Introduction of Anwar Ibrahim

Ffifteenth Annual Seymour Martin Lipset Lecture on Democracy in the World

It’s an extraordinary honor for me to introduce Anwar Ibrahim this evening to deliver the 15th annual Lipset Democracy Lecture.  It’s also a great personal pleasure to welcome Anwar back to Washington.

I first met Anwar in 2005 when he arrived in Washington after spending five years as Malaysia’s most famous political prisoner.  He was already a major international figure, recognized for his role as a reform-minded political leader, a Muslim democrat, and an activist defending the rights of poor people and minorities.

He was first arrested in 1974 and spent twenty months in prison for leading student protests against rural poverty and hunger.  He headed the Muslim Youth Movement of Malaysia back then, and co-founded the International Institute of Islamic Thought in 1981.

His career took a dramatic turn in 1982 when he joined the ruling UMNO party that was headed by Prime Minister Mahathir bin Mohamad. Anwar’s star rose quickly as he was appointed to a number of government ministerial posts, including Minister of Education.  He was made Finance Minister in 1991 and became Mahathir’s Deputy Prime Minister two years later.  He was credited with promoting market reforms that spurred Malaysia’s rapid economic growth in the 1990s, and he was hailed for successfully guiding Malaysia through the Asian Financial Crisis of 1997.  Asiamoney named Anwar Finance Minister of the Year in 1996, and he was Newsweek’s Asian of the Year in 1998.

But Anwar’s political fortunes soon changed when he launched a bold attack on the culture of cronyism and nepotism within the UNMO coalition and also challenged Mahathir’s protectionist policies.

He was fired from the cabinet and then arrested, beaten, and sentenced to prison on trumped-up charges of corruption and sodomy.

Almost as soon as Anwar arrived in Washington in 2005 after his release from prison, he became a core member of our community of democracy intellectuals and advocates.  He spoke at numerous forums that we organized here in Washington, in New York, and abroad.  He wrote two article for the Journal of Democracy.  He gave keynote addresses at two global assemblies of the World Movement for Democracy, one held in Istanbul in 2006 and the other in Jakarta in 2010.  And he delivered an eloquent talk at a symposium we held at the Library of Congress in 2007 on the occasion of the 25th anniversary of President Reagan’s Westminster Address that had launched the creation of the NED.

In all of these speeches Anwar defended the universality of the democratic idea and systematically rebutted the various doctrines that were circulating at the time making the case for authoritarianism.  These doctrines included what he called “the Asian values mantra” claiming that democracy is a Western idea unsuited to Asian cultures, the view that Islam and democracy are inherently incompatible, and the argument – now prominently being promoted by China – that “human rights and freedom are a stumbling block in the eradication of poverty” and that authoritarianism is needed for development.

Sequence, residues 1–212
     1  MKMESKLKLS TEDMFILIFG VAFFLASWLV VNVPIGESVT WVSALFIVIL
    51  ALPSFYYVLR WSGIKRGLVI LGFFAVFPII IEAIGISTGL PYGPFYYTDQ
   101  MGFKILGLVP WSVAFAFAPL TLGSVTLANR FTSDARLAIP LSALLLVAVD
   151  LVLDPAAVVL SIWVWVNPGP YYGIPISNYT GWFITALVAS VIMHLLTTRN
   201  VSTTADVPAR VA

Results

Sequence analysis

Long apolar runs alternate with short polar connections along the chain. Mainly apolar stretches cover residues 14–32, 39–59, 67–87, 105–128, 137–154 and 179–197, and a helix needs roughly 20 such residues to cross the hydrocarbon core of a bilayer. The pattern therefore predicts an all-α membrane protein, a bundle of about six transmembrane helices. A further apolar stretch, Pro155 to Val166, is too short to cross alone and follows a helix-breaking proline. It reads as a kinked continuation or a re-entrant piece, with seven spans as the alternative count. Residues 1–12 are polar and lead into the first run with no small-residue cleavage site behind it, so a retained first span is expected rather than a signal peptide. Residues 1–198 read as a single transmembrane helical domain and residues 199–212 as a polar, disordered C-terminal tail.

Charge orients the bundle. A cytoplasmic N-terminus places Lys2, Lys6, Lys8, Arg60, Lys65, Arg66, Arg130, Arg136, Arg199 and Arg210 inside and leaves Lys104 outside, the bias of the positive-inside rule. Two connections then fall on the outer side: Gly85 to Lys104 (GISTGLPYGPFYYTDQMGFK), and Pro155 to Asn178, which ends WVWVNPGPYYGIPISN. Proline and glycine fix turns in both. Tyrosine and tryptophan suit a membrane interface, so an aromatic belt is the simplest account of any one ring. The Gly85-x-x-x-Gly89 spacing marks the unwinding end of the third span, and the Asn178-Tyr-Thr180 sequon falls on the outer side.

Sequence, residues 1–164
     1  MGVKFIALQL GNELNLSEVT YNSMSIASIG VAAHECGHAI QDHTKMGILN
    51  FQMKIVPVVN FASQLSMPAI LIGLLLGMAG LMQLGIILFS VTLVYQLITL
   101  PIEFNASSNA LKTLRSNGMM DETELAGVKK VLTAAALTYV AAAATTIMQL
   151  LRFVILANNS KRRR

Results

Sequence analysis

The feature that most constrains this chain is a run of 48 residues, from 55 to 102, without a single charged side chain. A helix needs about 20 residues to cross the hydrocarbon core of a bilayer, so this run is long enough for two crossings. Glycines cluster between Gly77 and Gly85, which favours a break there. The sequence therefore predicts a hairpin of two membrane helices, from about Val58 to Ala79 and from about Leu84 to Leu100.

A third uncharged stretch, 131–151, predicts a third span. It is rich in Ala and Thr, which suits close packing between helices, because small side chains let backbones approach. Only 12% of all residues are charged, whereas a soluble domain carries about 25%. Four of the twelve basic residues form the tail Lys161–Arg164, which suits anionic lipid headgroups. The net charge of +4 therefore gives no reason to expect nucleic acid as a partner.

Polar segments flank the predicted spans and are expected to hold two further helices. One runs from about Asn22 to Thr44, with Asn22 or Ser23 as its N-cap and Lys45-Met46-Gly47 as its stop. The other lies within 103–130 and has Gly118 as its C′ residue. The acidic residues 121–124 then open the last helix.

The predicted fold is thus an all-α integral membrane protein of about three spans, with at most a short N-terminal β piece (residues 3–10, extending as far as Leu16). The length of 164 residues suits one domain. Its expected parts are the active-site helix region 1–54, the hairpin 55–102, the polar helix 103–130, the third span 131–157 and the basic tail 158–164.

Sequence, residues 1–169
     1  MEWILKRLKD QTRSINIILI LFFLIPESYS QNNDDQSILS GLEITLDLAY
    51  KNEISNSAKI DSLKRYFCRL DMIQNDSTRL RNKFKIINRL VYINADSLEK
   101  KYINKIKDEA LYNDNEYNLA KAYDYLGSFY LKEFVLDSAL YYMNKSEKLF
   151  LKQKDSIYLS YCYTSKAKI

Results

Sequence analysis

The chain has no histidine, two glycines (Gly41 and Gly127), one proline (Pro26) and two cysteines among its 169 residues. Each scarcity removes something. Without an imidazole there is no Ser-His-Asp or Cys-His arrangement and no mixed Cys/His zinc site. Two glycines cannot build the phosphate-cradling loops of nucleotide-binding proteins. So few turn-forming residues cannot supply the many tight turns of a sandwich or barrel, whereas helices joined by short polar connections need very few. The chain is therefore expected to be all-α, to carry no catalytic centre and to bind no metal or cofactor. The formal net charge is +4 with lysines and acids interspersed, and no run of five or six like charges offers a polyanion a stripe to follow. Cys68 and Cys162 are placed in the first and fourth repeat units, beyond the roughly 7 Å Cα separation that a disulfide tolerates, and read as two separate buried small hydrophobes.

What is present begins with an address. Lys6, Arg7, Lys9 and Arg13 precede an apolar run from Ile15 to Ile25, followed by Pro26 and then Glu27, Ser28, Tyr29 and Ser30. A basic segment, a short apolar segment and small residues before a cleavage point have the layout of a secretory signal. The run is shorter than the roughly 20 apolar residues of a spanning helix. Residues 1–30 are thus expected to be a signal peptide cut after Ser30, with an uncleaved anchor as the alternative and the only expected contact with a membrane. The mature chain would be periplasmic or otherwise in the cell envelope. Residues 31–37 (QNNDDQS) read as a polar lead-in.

“Democracy,” Anwar said at the Library of Congress, is not about the choice between starvation and freedom.  It is about the freedom to overcome poverty and tyranny without compromising in the struggle against either.”

Anwar has always been prepared to pay the price for his beliefs.  After the opposition coalition that he led was denied the victory it had won in the Malaysian general election of 2013, Anwar vowed to lead a “fierce movement” against election fraud and to reform the country’s electoral system.  As a result, he was once again sentenced to prison.

Anwar didn’t mince words in the statement that he made to the judges after the verdict was announced.  He accused them of being partners with their “political masters” in “the murder of judicial independence and integrity.”

“Yes,” he said, “you have passed judgment on me, and I will, again for the third time, walk into prison, but rest assured that my head will be held high.  The light shines on me…the shame is on you…Going to jail, I consider a sacrifice I make for the people of this country….My struggle will continue…”

And indeed it has continued.  In the historic election held in Malaysia on May 9 last year, the opposition coalition that Anwar negotiated with Mahathir while he was still behind bars swept to a resounding victory as the people of Malaysia revolted against massive corruption.

Anwar received a royal pardon and was released from prison.   He then stood for and won a by-election that returned him to the parliament.

As we meet this evening, Anwar’s struggle continues.  We don’t know if the 93-year old Mahathir will honor the agreement he made before the election to transfer power to Anwar after two years.  We only know that Mahathir is not getting any younger.  And we should never underestimate Anwar’s political resilience, courage, and determination.

Over the years Anwar has shown a singular ability to turn adversity to advantage, even to find strength in suffering.

In his speech at the Library of Congress, he said that “Throughout these ordeals my passion for freedom and justice has grown in intensity.”

Anwar Ibrahim is a rare figure – a political leader who is also a courageous democracy activist and a serious democratic intellectual as well.  Marty Lipset would have felt very proud that Anwar is speaking to us tonight in his name.  It’s now my honor to introduce my friend Anwar Ibrahim to deliver the Fifteenth Annual Seymour Martin Lipset Lecture on Democracy in the World.